The relation between neuroscience and art is one that's both beautiful and perplexing. It's common for one to ask questions such as "what is consciousness", or "what are dreams", but any serious attempts to answer these thought-provoking questions have to stem from knowledge in neuroscience. To this end, we looked at a single organ in this week's lecture: the human brain.
|The human brain|
As mentioned in Prof. Vesna's video, the human brain has been the subject of scientific studies only for about a century, following the discovery of electricity and microscope. As we now understand, the brain is made up of billions of neurons each connected by synapses to thousands of other neurons, and these neurons communicate via action potential sent along long protoplasmic fibers called axons. The recognition of neurons as primary functional units in the nervous system is credited to Spanish anatomist Santiago Ramon y Cajal, who is now regarded by many as the father of modern neuroscience. Among his great discoveries is the fact that one could "read out the connection patterns between neurons by simply looking at their shapes". This tree-like structure that connects neurons is not only artistically elegant, but are also optimized to allow efficient communication between neurons. It is in this regard that Cajal refers to neurons as the "mysterious butterflies of the soul". In addition to his scientific accomplishments, Cajal was also a seen as a legendary medical artists as his hand-made depictions of the neurons highlight the delicate arborizations of the brain cells, and are still widely used for educational purposes.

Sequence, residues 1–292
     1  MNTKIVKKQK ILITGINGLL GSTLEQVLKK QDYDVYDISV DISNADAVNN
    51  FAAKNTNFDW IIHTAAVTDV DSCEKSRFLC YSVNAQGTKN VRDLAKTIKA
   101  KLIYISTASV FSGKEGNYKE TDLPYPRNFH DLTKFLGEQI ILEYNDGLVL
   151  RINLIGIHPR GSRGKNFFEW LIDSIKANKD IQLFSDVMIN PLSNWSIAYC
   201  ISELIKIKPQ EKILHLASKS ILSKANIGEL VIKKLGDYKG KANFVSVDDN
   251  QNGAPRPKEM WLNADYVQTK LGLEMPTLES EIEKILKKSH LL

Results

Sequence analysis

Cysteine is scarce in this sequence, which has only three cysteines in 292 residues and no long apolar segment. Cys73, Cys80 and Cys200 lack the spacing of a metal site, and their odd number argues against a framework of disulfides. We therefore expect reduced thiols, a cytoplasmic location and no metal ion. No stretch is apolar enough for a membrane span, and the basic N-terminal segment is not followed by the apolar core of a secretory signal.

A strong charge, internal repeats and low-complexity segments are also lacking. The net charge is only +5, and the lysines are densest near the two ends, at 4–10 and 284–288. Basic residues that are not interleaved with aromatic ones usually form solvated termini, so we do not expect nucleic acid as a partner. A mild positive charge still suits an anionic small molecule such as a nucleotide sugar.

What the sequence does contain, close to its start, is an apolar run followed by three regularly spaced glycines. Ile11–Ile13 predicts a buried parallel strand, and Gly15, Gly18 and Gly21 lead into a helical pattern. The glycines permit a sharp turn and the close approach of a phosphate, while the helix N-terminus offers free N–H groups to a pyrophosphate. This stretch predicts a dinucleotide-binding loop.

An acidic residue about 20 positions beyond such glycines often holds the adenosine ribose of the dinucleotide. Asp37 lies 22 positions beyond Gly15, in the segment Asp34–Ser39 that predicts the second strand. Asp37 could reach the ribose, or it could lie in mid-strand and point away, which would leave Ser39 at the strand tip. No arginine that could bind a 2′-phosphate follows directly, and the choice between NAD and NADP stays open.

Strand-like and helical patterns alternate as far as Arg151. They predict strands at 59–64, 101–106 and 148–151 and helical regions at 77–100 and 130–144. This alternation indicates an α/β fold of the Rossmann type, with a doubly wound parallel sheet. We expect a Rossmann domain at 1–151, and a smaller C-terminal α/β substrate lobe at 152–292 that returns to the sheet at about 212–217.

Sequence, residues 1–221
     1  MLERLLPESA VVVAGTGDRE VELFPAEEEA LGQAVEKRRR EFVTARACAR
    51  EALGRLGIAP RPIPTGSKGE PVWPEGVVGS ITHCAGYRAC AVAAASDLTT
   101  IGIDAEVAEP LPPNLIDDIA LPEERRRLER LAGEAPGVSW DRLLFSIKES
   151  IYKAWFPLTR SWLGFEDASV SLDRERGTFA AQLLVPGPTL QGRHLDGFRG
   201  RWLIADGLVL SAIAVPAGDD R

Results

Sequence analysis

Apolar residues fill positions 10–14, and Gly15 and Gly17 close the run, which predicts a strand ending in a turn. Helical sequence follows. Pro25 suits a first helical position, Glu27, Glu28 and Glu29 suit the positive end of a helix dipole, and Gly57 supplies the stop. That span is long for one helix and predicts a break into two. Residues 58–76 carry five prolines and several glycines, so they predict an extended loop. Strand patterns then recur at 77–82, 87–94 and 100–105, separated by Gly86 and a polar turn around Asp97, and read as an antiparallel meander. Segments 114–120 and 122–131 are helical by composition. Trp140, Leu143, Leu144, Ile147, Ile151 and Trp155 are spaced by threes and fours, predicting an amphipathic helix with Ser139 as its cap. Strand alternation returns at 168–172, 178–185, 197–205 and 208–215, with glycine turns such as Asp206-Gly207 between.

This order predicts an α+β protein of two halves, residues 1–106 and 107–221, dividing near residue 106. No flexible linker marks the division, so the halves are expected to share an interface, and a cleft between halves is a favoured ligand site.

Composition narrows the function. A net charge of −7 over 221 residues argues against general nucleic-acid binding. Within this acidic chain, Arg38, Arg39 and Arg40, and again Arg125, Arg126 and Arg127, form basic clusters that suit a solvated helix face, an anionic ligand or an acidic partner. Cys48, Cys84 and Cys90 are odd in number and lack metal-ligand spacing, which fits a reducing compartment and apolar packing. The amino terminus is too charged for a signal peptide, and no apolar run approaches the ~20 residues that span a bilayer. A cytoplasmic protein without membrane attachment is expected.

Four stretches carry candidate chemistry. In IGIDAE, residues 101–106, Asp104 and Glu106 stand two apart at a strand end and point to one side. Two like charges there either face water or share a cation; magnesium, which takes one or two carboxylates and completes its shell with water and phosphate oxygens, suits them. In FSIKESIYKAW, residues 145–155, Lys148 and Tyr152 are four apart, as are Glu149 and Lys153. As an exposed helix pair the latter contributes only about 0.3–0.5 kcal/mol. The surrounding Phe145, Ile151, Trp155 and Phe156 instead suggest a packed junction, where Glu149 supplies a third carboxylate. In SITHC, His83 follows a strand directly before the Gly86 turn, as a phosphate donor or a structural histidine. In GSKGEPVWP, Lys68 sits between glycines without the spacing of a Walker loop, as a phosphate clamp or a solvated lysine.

|Suzanne Anker's FMRI Butterfly|
Cajal's idea of the butterfly has also influenced and served as a source of inspiration for many other artists and scientists. For example, artist Suzanne Anker, in collaboration with neuroscientist Giovanni Frazzetto, initiated the Neuroculture Project which aims to examine how "modern brain science has penetrated popular culture". One of their works, the FMRI butterfly, connected beautifully to Cahal's. In that work, 15 identical brain scans are arranged on a grid overlaid with various patterns of ink blots and an identical butterfly. When looking at these overlaid brain scans, one would pick up the nuance variations between each of them that give an optical illusion as if the butterflies are different from one another. Together with Cajal's beautiful neuron maps, these works aptly capture the artistic aspect inherent in neuroscience.
1. Vesna, Victoria. “Neurosci + Art Lectures I-III.” Youtube, Web. 14 May 2016.
2. "Neuron" Wikipedia, the free encyclopedia. Wikimedia Foundation, Inc, n.d. Web. 14 May. 2016.
3. "Santiago Ramon y Cajal" Wikipedia, the free encyclopedia. Wikimedia Foundation, Inc, n.d. Web. 14 May. 2016.
4. "Techniques Series: Creating a Molecular Brain Map". Ana. Science Exchange. 8 April 2013. Web. 14 May 2016.
5. "Neuroculture". Giovanni Frazzetto & Suzanne Anker. Nature Reviews Neuroscience. Nov 2009. Web. 14 May 2016.